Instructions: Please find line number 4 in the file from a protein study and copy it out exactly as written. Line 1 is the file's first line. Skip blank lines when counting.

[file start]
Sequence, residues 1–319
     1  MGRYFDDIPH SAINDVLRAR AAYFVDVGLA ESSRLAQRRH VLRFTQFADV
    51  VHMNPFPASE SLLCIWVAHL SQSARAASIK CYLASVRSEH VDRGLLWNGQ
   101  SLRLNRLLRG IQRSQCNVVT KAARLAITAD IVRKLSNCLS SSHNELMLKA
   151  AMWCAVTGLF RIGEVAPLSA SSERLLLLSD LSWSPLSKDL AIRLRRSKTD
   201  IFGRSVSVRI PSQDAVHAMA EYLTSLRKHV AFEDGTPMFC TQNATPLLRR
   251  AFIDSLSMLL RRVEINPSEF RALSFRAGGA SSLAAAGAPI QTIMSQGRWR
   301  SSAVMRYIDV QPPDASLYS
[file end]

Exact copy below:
   101  SLRLNRLLRG IQRSQCNVVT KAARLAITAD IVRKLSNCLS SSHNELMLKA